Time machine: where to go from here?

As part of my work, I handle the marketing for scientific conferences, and one of my duties is to help produce their program books. This gives me access to research papers. A few mornings ago, I was proofreading the abstracts that had been submitted for a translational medicine conference. There is a lot under development right now and it’s all great – targeted immunotherapy for different types of cancers, technologies for gene modification, and new research for advanced ovarian cancer, to mention just a few. I am not sure how soon these developments will come into play or if they’ll just stay in a lab or in a research paper. Hopefully there will be more funding to support this research.

While reviewing the content for the program, I couldn’t help wondering if I will be here to see a big breakthrough. It also made me question whether or not I would have liked to be born during a different time. I found myself revisiting the 1980s, the time I grew up.

As many of you already know, I was raised by my grandparents in the Dominican Republic (D.R.). I know that I sometimes beat up on the culture there, on this blog, especially in relation to religious views and beliefs about illnesses, but there’s a lot of beauty and innocence there, too. (Even if it comes with some disappointing ignorance.)

While revisiting the 80s in my head, I remembered how my family didn’t have much. We lived in a small town, in a house with very few furnishings, including an old black and white TV that only showed a couple of channels – when the static allowed. We often kept our house doors open to feel the refreshing tropical breeze travel through our home and to smell the different fragrances coming from all the exotic fruit trees – mangos, papayas, oranges, and many more in our yard. I didn’t have many toys but there was enough nature around me to keep me occupied and happy – climbing trees, getting myself dirty with other kids, going to beaches frequently, drawing with chalk on the streets…just being kids. (My grandma was always sewing my torn socks and clothes back together. That’s how much fun I had, playing.) I cherish the memory of those days, and appreciate now the few material things I had.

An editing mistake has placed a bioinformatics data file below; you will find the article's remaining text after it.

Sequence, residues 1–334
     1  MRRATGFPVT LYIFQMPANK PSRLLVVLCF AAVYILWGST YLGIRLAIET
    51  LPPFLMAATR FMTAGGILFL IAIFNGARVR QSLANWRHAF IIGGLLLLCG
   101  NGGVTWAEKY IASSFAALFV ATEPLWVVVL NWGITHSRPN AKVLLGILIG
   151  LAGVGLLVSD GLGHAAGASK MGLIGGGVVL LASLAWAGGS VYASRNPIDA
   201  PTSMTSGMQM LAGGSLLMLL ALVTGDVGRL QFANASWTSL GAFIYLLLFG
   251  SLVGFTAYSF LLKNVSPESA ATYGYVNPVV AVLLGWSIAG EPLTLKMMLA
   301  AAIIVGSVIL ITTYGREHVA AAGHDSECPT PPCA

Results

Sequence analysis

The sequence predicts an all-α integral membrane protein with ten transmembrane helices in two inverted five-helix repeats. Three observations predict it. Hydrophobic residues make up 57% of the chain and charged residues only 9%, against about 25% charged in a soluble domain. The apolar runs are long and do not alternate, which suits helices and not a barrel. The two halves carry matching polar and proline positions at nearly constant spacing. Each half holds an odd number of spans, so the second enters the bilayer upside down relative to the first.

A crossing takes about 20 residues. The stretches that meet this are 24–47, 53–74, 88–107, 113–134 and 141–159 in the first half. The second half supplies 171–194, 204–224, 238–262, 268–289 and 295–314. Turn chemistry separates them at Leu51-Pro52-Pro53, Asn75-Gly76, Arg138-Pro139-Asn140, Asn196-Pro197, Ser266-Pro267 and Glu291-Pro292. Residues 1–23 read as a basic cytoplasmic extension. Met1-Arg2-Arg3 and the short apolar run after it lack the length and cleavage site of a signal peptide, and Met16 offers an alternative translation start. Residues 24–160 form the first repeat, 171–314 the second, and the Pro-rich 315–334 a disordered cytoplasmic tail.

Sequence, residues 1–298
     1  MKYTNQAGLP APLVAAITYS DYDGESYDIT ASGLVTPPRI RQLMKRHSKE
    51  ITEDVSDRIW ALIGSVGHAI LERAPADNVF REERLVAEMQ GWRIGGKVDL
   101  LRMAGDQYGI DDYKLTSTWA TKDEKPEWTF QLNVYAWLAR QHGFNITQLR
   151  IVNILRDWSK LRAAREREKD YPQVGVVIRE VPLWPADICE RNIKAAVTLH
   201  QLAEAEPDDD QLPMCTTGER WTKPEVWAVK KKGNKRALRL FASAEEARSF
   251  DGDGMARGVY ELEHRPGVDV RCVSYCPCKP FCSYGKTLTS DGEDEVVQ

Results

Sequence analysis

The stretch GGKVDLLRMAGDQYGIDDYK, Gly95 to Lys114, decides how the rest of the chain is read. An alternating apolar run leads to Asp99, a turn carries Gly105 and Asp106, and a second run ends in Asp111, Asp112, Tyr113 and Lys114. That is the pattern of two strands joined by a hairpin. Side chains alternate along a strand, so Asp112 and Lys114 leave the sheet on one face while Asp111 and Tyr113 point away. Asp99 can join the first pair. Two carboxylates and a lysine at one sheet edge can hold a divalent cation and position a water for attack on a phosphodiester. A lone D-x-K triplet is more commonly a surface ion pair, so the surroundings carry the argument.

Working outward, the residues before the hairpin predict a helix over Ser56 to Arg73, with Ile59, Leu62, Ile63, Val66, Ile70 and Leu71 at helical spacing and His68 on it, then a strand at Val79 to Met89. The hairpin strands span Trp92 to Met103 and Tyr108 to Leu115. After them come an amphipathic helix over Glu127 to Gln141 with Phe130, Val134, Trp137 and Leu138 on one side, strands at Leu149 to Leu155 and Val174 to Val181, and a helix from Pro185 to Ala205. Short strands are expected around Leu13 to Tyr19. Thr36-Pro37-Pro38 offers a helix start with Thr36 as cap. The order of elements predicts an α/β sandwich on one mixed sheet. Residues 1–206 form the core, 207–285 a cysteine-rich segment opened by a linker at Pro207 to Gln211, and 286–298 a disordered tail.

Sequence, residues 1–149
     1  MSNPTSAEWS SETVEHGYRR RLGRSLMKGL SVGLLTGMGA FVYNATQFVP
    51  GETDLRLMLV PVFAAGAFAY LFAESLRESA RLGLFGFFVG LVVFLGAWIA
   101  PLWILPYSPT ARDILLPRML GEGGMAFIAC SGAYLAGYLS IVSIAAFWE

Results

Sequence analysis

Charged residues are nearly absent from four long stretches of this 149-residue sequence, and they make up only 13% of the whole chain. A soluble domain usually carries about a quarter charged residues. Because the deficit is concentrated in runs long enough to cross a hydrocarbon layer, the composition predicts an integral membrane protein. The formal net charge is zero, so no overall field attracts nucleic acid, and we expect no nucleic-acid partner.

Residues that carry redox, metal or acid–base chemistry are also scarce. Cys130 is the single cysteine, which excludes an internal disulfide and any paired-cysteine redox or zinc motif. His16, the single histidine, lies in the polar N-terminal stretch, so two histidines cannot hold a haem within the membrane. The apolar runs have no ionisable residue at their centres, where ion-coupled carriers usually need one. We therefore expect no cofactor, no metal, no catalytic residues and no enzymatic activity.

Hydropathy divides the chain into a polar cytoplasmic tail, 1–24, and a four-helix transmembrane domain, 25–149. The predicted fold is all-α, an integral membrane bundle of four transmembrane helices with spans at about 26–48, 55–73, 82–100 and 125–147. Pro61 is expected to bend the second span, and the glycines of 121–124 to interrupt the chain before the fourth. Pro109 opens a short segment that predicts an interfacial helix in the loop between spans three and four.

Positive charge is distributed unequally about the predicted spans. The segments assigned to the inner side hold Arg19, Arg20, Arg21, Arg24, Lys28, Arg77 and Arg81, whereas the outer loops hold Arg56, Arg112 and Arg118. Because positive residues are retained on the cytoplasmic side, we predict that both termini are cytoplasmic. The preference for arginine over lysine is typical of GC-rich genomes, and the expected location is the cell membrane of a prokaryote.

I also remembered the only hospital we had in town. I recall having a couple medical emergencies as a child – one when I broke my chin and needed stitches (long story) and the other time was when something gross was growing on my skin that my grandma couldn’t cure on her own (she could cure most things). I recall being traumatized by both experiences. The hospital did not have enough resources and I felt pain both times. I think this is one of the reasons I fear medical procedures today. There were many urgent cases at this hospital and not every patient survived.

These memories also made me reflect on where we are today with the advances in medicine. Have we come far? I think in some areas we have. But in relation to cancer, I am not too sure. People are living longer, but there seem to be more cases everyday now, and many still die from the disease. And the treatments continue to have harsh effects on patients. Still, I am grateful to be dealing with cancer today, rather than, let’s say, 20 years ago. Will things improve even more in the next 10–20 years? I would hope so. But to get there, we need more education, more funding for research and a shift in our culture – for example, positive thinking doesn’t cure cancer. Science could, though.

And, going back again, I’ve been thinking about my family in D.R., and how things might have turned out for them if they were living today, in a different time (and place). I imagine my grandma as a cancer survivor. She didn’t even get the right diagnosis from her doctor back in D.R. in 1997. He operated on her without even doing a scan. That made her ovarian cancer, which was already stage 4, a lot worse. Both the system – with the lack of resources — and the doctor killed my grandma. I imagine a time where my great-grandma would have survived her breast cancer (at the age of 49), and having a doctor who would have emphasized the urgency of her health situation. I imagine a time where my great-aunt would have lived longer than 59 years. I imagine a place where my cousin would have been more educated about cancer and would have checked her lump as soon as she felt it, and survive longer than 46 years. Perhaps.

And then, I imagine myself in the future, or a different time and place, where I would have a greater sense of freedom and a chance to take more risks (such as building a family) without the fear of recurrence or dying from the disease I deal with. Is it possible I will be here for that future time?